‘Island Cells’ Impair Linking Of Memories

Researchers have discovered brain cells that inhibit the ability of mice to connect two events separated in time into a single experience.

Asian Scientist (Jan. 28, 2014) – Researchers have discovered a new cell type in the brains of mice that inhibits the ability to connect two events separated in time into a single experience.

The study, published in the journal Science, report the discovery of a novel brain circuit that may be responsible for limiting our brain’s capacity for temporal association.

Temporal association is a property of memory that links two events that happen seconds or minutes apart into one experience. For example, hearing a car horn can prompt a pedestrian to glance around to check if there is any danger from oncoming traffic.

The memory association of a car horn warning of an approaching car is formed by the intercommunication of two brain areas called the entorhinal cortex and the hippocampus. This link is known to depend on a part of the entorhinal cortex called the MECIII (medial entorhinal cortex layer III), which sends projections to neurons in a region of the hippocampus called CA1.

In this study, researchers identified a new cell type in layer II of the entorhinal cortex that also send their bundle projections to the CA1 region of the hippocampus. However, unlike the MECIII neurons, these newly-identified “Island” cells connect to a cell type that suppresses the memory-making neurons in CA1.

The Island cells form clusters surrounded by Ocean cells that make up the majority of cells in this layer. Ocean cells are known to send projections to another part of the hippocampus called the dentate gyrus, which processes the context of a memory, such as the location where the event took place.

“It was surprising to discover that Island cells project to the hippocampus,” said study first co-author Dr. Takashi Kitamura, “because the circuit diagram between the entorhinal cortex and the hippocampus was considered complete.”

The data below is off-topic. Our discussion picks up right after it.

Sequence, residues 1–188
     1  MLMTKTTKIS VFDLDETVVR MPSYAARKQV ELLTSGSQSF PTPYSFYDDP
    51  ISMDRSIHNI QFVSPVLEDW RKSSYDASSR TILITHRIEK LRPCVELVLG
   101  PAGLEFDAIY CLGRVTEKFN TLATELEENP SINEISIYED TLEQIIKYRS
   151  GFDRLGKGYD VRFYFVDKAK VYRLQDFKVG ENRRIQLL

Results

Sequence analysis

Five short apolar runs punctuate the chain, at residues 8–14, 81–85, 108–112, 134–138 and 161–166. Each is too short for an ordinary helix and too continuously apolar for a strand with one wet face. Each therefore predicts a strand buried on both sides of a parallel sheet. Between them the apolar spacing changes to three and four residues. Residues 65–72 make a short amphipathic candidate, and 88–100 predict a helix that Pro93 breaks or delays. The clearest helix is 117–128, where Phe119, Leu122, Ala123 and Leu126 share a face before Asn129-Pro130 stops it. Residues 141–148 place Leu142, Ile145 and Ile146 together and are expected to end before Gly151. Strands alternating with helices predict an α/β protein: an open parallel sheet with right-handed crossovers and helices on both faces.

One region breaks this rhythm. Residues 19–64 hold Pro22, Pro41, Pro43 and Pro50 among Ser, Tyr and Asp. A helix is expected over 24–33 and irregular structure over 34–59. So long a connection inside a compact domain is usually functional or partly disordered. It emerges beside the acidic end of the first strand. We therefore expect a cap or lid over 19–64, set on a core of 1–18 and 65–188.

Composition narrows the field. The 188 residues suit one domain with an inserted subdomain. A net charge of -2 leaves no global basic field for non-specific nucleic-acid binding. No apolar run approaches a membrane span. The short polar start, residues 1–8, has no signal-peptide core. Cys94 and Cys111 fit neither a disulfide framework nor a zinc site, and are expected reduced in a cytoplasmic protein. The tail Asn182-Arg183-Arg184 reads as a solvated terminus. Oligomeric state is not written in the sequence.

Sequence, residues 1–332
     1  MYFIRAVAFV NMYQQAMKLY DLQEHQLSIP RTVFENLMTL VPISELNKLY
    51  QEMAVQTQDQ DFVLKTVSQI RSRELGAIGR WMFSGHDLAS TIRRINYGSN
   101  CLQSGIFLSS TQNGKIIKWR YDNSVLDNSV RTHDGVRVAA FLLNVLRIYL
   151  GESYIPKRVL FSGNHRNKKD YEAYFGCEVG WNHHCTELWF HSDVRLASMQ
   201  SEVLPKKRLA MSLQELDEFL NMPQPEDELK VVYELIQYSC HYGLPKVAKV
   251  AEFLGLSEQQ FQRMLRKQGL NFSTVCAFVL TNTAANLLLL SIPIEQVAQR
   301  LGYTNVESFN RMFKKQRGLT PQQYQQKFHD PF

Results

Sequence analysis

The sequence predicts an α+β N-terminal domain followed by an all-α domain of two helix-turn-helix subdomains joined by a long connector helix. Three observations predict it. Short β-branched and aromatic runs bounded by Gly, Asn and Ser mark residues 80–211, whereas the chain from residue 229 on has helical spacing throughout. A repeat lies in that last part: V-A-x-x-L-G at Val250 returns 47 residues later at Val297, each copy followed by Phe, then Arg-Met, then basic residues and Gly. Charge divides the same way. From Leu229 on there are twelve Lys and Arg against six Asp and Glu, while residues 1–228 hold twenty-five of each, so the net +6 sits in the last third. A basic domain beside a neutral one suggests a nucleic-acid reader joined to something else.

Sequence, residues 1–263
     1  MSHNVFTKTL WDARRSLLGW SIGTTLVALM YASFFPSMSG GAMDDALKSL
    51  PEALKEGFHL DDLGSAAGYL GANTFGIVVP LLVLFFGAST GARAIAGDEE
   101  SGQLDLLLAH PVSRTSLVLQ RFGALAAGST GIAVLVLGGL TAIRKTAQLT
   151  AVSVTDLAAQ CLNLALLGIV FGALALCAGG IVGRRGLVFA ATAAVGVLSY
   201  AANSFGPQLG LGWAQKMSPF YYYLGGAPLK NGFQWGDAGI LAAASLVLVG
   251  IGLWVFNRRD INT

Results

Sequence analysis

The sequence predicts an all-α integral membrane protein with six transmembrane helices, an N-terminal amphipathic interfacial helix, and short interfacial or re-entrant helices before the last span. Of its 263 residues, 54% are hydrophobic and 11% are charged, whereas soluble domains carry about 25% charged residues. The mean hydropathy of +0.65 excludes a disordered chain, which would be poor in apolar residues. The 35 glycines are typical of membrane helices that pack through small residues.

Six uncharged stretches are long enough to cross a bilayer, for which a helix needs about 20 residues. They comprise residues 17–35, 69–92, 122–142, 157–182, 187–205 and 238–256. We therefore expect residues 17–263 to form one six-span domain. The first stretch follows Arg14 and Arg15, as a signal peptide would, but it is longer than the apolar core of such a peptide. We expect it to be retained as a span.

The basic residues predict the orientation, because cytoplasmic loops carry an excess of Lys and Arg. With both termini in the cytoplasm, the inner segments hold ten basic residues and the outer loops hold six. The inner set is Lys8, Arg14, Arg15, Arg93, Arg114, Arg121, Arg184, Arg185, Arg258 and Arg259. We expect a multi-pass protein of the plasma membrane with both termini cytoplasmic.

To determine the role of Island cells in setting temporal association during memory formation, Dr. Kitamura and colleagues manipulated Island cells in the brains of mice and observed their behavior.

Mice were trained to link two events — a tone and a mild electric shock — that occur up to 20 seconds apart. Initially, mice did not fear the tone, but after three trials, they showed a fear response to the tone—freezing in place—indicating that they feared the shock.

To see how temporal association was affected when Island cells were manipulated, the researchers used a recent technique called optogenetics that allows specific neurons to be switched on or off with light.

When Island cell activity was increased mice could not associate the tone with the shock and did not freeze upon hearing the tone. Conversely, when Island cells were shut off mice froze for a longer time after the tone and could be trained with a milder shock.

The researchers concluded that Island cells suppress the formation of temporal associations and their activity sets a threshold for whether a memory will form. This ability may allow the brain to remember events based on their relative importance and disregard events that are trivial.

For example, a failure to remember that a car horn predicts an oncoming car could be dangerous. In the opposite case, forming associations when none exist could make an individual anxious and expecting imaginary danger.

“In memory research, there was no evidence for this type of circuit,” said Dr. Kitamura. “We are the first to identify a circuit that negatively affects memory formation.”

Future work will explore the role of the circuit in other memories.

The article can be found at: Kitamura T et al. (2014) Island Cells Control Temporal Association Memory.


Source: RIKEN.
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